The ALJ's decision contains no discussion of the specific Listing or any mention of the evidence that the ALJ considered or rejected in arriving at his conclusion at Step Three. Upon a review of the record, the Court finds that the ALJ's determination is not supported by substantial evidence. The ALJ improperly disregarded portions of the record that support plaintiff's claim that she met Listing § 1.04A. The ALJ must consider the entire record in accordance with his duty under 20 C.F.R. § 404.1520(3). Sutherland v. Barnhart, 322 F.Supp.2d 282, 289 (E.D.N.Y. 2004). The ALJ's failure to discuss the aforementioned evidence and explain why claimant's impairments did not satisfy the specific criteria of Listing § 1.04A was plain error. Walker ex rel. J.B. v. Astrue, 2010 WL 2287566, at *7 (N.D.N.Y. 2010) (citing Morgan, 913 F.Supp. at 188--189 (holding that a one-sentence denial is insufficient to support the determination, especially in light of the considerable evidence to the contrary)). The Second Circuit has held that, "[w]here there is a reasonable basis for doubt whether the ALJ applied correct legal principles, application of the substantial evidence standard to uphold a finding of no disability creates an unacceptable risk that a claimant will be deprived of the right to have her disability determination made according to legal principles ." Johnson v. Bowen, 817 F.2d 983, 986 (2d Cir. 1987). The ALJ should have considered all evidence available and provided some explanation as to why claimant's impairments do not meet the criteria of § 1.04A.

While there may be some evidence to support defendant's arguments and the ALJ's position, the ALJ's decision cannot be upheld due to his failure to articulate his rationale or to analyze the record in any meaningful way. The record contains at least some evidence that could provide a basis for the conclusion that plaintiff's impairments meet the criteria for Listing § 1.04A. It is well settled that "[w]here the claimant's symptoms as described by medical evidence appear to match those described in the Listings, the ALJ must explain a finding of ineligibility based on the Listings." Id. (citing Kerr v. Astrue, 2010 WL 3907121, at *3-5 (N.D.N.Y. 2010) ("[w]here there is significant probative evidence that a claimant meets the criteria for a Listing at step three, the case will be remanded if the court determines that the '[p]laintiff was owed a more substantive discussion of why [ ]he did not meet [a particular Listing]'"). "It is particularly important for an ALJ to specifically address conflicting probative evidence with respect to the step three analysis, because a claimant whose condition meets or equals that of a Listing is deemed disabled per se and eligible to receive benefits." Szarowicz v. Astrue, 2012 WL 3095798, 4 -5 (W.D.N.Y. 2012) (citing 20 C.F.R. §§ 404.1520(d), 404.1525, 404.1526).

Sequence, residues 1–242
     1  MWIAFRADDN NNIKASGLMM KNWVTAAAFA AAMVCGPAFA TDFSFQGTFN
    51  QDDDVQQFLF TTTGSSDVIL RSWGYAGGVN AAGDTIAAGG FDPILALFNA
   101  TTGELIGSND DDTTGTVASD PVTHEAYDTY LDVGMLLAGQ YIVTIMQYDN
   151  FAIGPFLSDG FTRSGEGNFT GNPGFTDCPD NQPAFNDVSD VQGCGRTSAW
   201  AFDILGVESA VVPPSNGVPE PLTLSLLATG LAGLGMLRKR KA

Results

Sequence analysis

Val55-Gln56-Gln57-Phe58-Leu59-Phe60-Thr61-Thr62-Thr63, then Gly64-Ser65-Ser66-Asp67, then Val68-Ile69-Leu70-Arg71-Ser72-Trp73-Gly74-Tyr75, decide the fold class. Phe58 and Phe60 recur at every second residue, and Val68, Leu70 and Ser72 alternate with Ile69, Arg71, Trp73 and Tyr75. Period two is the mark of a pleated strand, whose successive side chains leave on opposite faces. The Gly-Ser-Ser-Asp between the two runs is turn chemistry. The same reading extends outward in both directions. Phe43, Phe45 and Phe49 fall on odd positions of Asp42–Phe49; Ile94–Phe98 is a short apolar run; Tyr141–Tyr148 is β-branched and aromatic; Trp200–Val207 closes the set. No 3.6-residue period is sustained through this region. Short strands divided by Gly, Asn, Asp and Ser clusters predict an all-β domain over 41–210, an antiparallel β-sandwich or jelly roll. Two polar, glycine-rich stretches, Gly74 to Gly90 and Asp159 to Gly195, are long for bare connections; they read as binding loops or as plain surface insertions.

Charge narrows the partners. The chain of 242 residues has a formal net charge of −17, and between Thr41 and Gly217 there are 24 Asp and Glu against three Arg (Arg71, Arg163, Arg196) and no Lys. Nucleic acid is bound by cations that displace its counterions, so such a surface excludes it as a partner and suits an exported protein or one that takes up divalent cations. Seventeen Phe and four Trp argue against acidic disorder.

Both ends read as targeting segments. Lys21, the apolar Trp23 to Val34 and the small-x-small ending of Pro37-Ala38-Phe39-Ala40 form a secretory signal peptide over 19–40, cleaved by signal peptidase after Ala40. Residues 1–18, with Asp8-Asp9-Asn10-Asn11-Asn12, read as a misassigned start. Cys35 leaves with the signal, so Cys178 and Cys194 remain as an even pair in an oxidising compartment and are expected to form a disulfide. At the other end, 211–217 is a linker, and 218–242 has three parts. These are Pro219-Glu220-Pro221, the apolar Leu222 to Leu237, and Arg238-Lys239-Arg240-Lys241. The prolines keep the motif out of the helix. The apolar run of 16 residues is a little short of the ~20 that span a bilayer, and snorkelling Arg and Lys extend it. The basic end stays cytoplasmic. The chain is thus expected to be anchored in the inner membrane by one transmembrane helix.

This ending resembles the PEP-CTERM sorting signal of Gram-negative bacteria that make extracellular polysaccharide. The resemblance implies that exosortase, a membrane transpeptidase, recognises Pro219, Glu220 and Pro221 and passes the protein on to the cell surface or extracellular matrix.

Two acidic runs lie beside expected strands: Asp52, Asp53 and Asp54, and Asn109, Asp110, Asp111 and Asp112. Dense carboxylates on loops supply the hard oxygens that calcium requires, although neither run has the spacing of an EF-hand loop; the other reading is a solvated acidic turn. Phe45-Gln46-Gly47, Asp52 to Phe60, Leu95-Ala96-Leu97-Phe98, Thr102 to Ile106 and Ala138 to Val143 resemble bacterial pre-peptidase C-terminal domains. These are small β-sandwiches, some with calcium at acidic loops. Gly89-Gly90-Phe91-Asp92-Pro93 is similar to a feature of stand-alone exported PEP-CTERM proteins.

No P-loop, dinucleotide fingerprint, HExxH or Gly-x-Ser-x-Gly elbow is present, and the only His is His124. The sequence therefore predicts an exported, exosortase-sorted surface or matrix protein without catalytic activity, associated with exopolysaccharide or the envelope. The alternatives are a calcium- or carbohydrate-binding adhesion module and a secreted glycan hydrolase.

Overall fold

The ALJ's failure to employ the correct legal standards at step three of the sequential analysis is reversible error, because the Court cannot engage in meaningful judicial review. See Baneky v. Apfel, 997 F.Supp. 543, 547 (S.D.N.Y.1998). A Court should not hesitate to remand a matter for further explanation when the Court is unable to fathom the ALJ's rationale in relation to evidence in the record. See Berry v. Schweiker, 675 F.2d 464, 469 (2d Cir. 1982). The ALJ must provide sufficient rationale in support of his decision to not find a listed impairment. Id. The Court therefore remands this issue back to the Commissioner for further analysis consistent with this opinion.

II. Evaluation of Medical Evidence

Plaintiff argues that the ALJ should have assigned controlling weight to the January 8, 2010 Medical Source Statement ("MSS") prepared by RPAC Patricia Snider and Dr. Andrew Williams' opinions. Plaintiff claims that the MSS is supported by clinical notes and objective evidence and further contends that it is not contradicted by substantial evidence in the record. Defendant claims that the ALJ properly evaluated the ...